What is the role of critical theory today and who is it for? What kind of maps can theory provide in the context of entrenched capitalist crisis? These are some of the questions posed by this seminar series.
In the aftermath of various mutations of twentieth-century 'critical theory' (Frankfurt School, 'French Theory', etc.), proponents of 'postcritique' have argued that critical theory has 'run out of steam'. Instead, this seminar series starts from the premise that 21st-century crisis has also generated dynamic new ways of reconsidering these questions. A critical theory of the present is necessarily a crisis theory.
In this session, Benjamin Noys will give a talk entitled “The Crisis of the Future”:
In the face of what Franco 'Bifo' Berardi and Mark Fisher have called 'the slow cancellation of the future' contemporary theory has often responded by stressing the utopian possibilities of 'inventing the future' or turning to a fundamental past ontological rift or wounding. The crisis of the future, I wish to suggest, is in fact a crisis of the imagination of the present. In contrast to the invention of the future, or the turn to the past, I argue we need to de-invent the future and return to the present as a fraught and fragmentary site of struggle.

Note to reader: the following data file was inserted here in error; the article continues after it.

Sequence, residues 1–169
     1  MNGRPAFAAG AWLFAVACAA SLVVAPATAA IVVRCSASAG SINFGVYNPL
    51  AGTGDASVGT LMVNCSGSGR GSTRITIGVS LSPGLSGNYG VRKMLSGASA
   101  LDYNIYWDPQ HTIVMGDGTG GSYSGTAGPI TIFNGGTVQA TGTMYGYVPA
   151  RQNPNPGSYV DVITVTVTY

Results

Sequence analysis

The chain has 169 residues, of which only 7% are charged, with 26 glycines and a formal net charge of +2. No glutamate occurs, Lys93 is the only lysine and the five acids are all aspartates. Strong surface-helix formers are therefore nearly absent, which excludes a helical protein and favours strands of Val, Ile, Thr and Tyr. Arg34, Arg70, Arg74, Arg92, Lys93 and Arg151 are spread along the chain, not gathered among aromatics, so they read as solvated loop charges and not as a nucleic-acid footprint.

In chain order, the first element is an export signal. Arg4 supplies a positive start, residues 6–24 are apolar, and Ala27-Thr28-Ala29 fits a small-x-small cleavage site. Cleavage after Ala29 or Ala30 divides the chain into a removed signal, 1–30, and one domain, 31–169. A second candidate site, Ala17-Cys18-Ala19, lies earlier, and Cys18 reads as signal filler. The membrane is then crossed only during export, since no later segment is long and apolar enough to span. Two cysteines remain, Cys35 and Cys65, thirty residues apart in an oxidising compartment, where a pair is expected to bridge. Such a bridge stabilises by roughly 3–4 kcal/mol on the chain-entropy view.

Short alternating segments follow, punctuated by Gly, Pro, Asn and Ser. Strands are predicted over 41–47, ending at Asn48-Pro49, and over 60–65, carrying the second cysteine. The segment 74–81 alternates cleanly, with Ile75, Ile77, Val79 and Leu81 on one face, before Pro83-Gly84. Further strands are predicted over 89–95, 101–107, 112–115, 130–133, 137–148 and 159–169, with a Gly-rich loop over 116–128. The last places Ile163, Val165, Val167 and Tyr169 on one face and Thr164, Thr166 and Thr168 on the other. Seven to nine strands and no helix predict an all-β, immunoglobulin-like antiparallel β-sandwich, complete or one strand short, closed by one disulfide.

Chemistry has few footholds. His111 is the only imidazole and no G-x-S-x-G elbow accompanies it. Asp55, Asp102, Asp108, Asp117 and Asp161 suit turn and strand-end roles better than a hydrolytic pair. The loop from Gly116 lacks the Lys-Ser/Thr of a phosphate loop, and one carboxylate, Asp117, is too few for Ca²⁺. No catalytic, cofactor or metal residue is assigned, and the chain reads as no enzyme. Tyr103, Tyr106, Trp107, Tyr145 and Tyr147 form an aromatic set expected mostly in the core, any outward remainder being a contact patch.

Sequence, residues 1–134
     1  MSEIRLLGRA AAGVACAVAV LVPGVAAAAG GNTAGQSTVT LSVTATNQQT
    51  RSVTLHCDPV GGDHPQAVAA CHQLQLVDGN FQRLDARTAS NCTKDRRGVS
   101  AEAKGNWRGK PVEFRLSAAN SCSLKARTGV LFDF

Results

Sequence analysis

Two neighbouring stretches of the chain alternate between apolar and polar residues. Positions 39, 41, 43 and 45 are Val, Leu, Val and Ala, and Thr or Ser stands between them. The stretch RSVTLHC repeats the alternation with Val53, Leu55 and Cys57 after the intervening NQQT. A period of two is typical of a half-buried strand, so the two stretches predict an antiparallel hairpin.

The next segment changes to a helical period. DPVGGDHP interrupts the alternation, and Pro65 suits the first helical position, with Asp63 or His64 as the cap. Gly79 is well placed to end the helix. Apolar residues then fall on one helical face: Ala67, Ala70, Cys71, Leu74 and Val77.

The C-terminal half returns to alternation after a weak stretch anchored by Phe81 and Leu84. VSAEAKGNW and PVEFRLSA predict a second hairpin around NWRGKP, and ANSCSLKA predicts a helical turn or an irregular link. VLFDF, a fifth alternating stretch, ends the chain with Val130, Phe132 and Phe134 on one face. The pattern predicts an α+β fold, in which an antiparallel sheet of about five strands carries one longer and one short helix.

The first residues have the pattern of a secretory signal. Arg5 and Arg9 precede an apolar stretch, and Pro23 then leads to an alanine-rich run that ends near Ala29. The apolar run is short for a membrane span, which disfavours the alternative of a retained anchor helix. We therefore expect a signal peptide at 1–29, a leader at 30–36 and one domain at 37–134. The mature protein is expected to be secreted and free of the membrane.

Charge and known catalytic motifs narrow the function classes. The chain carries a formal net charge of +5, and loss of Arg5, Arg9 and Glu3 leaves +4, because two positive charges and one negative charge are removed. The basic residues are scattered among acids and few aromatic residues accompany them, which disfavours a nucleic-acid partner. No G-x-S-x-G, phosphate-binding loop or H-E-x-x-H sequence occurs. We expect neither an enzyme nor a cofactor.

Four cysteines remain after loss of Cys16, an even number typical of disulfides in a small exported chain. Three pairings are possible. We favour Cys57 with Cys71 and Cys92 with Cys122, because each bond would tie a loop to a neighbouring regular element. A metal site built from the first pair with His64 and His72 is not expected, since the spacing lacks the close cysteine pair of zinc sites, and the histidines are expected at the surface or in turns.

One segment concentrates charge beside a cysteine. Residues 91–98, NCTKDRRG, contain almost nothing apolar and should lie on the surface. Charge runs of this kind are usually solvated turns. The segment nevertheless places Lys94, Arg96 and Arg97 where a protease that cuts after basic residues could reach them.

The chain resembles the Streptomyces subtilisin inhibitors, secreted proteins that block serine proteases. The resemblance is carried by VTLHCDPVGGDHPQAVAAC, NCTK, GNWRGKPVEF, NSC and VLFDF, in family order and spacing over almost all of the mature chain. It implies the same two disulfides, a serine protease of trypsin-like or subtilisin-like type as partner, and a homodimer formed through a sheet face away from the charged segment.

Benjamin Noys is Professor of Critical Theory at the University of Chichester. Among other works, Noys is the author of The Persistence of the Negative (2010), a critical assessment of contemporary Continental thought, and Malign Velocities (2014), a historical reconstruction and critique of accelerationism. Noys's next work is The Matter of Language: Abstraction and Poetry, forthcoming with Seagull Books (2022).